Simple Beauty: Paintings by Georgia O’Keeffe

Simple Beauty: Paintings – The Journal of Antiques and Collectibles – June 2006

by Georgia O’Keeffe

Shelburne Museum’s schedule of new exhibitions this season includes Simple Beauty: Paintings by Georgia O’Keeffe, a major exhibition of some 25 works by one of the most accomplished and admired artists of the 20th century. Simple Beauty, open June 24 through October 31, 2006, is the first Georgia O’Keeffe (1887-1986) exhibition in Vermont and includes landscapes, still-lifes and abstract paintings.

The paintings in Simple Beauty are on loan from museums and private collections throughout the United States, including the Whitney Museum of American Art, the Philadelphia Museum of Art, the Denver Art Museum, and the Baltimore Museum of Art. Among the subjects are landscapes of the American Southwest and close-up views of flowers for which O’Keeffe is famous, and city scenes and abstract works that are less well known.

Several works on loan from private collections have rarely been on public view, and many in the exhibition date from the 1920s when the public was just beginning to recognize her importance as an artist.

Simple Beauty provides an overview of O’Keeffe’s powerful artistic output and highlights connections between her work and other expressions of American landscape painting, including artists represented in Shelburne’s permanent collection such as Andrew Wyeth and Martin Johnson Heade. Says Stephan Jost, Director of Shelburne Museum, “I am thrilled for Shelburne to host this exhibition of such an influential artist. O’Keeffe found great inspiration in nature; we hope people will come enjoy this exhibit in the Museum’s beautiful Vermont setting.”

Many of the works in Simple Beauty date from the 1920s when she was beginning to exhibit with great success in New York City. Summer trips during these years to the Lake George, New York family estate of her husband (and famed photographer) Alfred Stieglitz and, beginning in 1929, to New Mexico instilled in O’Keeffe a deep, spiritual bond with nature that she expressed in her art throughout her career. Following Stieglitz’s death in 1946 O’Keeffe moved permanently to New Mexico.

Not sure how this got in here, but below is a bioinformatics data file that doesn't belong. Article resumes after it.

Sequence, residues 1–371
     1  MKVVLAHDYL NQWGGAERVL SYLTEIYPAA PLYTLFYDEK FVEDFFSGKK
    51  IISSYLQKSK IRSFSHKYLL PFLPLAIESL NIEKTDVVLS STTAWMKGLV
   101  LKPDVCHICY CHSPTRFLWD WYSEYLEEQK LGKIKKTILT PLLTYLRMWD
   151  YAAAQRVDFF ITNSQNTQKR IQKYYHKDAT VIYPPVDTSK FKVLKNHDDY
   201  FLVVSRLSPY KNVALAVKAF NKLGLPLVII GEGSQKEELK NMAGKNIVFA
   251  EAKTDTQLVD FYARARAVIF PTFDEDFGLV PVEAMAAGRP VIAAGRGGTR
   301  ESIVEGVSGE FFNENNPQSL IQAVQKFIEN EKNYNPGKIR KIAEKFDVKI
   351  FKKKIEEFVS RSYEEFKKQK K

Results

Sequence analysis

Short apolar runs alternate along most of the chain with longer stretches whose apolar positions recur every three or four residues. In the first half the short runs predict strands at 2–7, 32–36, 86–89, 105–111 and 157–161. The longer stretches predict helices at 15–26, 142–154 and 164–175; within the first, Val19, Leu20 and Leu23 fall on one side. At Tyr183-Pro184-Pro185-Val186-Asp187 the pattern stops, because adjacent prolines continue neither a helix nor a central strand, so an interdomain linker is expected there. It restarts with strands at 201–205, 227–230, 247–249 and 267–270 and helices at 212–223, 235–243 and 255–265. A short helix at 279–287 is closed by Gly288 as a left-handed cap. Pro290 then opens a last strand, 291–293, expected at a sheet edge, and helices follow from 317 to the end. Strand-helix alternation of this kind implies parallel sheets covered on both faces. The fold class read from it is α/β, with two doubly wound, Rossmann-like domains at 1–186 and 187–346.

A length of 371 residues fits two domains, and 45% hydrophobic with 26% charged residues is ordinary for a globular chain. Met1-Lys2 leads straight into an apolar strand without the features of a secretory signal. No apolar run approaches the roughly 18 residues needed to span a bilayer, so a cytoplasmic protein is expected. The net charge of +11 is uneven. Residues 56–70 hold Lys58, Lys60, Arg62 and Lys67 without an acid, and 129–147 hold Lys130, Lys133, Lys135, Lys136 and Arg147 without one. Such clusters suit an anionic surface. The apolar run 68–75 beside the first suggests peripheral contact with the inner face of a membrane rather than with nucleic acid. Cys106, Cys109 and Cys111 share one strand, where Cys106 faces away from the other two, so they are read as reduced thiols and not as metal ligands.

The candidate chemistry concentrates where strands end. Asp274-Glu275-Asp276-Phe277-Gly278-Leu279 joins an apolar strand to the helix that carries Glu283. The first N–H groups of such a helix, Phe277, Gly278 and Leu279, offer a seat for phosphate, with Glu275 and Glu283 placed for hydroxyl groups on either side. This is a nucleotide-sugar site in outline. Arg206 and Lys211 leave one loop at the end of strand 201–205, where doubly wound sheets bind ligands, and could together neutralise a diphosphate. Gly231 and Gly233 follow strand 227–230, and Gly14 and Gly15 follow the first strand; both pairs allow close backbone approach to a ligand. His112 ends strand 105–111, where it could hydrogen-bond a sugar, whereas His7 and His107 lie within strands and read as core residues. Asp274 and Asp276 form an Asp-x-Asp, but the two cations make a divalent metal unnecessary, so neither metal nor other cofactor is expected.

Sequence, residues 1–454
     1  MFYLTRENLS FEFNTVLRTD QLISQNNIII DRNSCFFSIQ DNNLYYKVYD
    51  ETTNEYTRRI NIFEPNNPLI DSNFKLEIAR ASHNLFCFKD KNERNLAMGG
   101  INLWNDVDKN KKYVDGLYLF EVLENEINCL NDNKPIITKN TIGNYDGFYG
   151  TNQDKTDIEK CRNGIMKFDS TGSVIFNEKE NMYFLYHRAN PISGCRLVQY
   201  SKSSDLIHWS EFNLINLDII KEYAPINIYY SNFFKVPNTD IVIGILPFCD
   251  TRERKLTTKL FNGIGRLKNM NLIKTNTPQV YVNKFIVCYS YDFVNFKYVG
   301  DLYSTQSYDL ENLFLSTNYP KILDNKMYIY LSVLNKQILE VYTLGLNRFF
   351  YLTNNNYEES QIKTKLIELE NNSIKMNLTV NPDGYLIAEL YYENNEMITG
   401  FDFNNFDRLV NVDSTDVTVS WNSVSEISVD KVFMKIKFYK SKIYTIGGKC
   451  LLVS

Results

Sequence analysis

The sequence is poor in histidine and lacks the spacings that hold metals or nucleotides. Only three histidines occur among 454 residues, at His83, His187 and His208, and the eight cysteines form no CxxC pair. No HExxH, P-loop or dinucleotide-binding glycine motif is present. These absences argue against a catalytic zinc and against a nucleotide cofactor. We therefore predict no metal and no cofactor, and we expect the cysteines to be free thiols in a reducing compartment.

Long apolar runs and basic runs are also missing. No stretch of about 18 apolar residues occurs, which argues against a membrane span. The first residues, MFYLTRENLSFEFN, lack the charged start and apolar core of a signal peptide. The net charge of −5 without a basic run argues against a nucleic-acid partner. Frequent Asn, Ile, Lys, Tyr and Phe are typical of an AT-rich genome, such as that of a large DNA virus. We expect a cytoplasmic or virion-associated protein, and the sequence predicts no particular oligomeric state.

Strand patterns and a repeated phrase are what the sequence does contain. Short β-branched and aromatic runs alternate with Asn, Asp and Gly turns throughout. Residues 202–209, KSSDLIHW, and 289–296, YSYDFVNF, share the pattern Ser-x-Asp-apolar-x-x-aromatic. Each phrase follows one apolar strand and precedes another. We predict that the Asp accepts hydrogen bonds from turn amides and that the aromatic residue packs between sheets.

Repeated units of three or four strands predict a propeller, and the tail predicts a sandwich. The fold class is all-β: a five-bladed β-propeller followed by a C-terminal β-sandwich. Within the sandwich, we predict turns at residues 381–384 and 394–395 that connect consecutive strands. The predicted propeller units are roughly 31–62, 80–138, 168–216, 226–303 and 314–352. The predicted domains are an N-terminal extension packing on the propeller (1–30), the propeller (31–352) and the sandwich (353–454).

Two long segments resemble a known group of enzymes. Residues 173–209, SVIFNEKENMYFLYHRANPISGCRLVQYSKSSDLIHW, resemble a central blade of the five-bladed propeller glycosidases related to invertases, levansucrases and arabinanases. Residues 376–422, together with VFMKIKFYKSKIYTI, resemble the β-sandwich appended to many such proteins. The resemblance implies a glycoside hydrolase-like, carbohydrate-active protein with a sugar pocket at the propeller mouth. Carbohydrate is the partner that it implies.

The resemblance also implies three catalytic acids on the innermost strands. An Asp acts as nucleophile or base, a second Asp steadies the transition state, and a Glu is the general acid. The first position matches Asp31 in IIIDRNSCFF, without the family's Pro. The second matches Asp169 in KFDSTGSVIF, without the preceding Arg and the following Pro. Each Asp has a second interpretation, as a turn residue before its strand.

Among the highlights of Simple Beauty is The Mountain – New Mexico (1931), a large, arresting landscape on loan from the Whitney Museum of American Art, and Purple Petunia (1927), a stunning, sensual flower view from a private collection that has been publicly exhibited only twice. Also included is East River –No. 1 (1926), a black-and-white scene of a smoky New York City industrial landscape; a style and subject not often associated with O’Keeffe. Simple Beauty is Shelburne Museum’s first exhibition of O’Keeffe’s work and one of the largest loan exhibitions ever assembled by the Museum. Shelburne’s permanent collection includes over 400 19th- and 20th-century American paintings; other paintings exhibitions on view this season include The Vermont Landscape in the 19th Century and Steamboats. The consulting curator for Simple Beauty is Valerie Ann Leeds, an independent curator.

Shelburne Museum Information

The museum is open 10 a.m. – 5 p.m. daily, May 1 – October 31, 2006. Admission is $18 adults/$9 children (6-18)/under 6 admitted free. Tickets are valid for 2 consecutive days. Admission is half-price for Vermont residents in 2006. (802) 985-3346, www.shelburnemuseum.org

Shelburne Museum, founded in 1947, is one of the nation’s finest, most unconventional museums of art, Americana, and design. 39 buildings display over 150,000 objects spanning four centuries. Outstanding collections of folk art, decorative arts, tools, toys, textiles and transportation vehicles are exhibited, as are paintings by artists including Monet, Manet, Cassatt, Degas, Andrew Wyeth, Thomas Cole, Winslow Homer, Grandma Moses and others. The museum’s 25 19th-century structures include a covered bridge, a round barn, a lighthouse and the 220-foot restored steamboat Ticonderoga.

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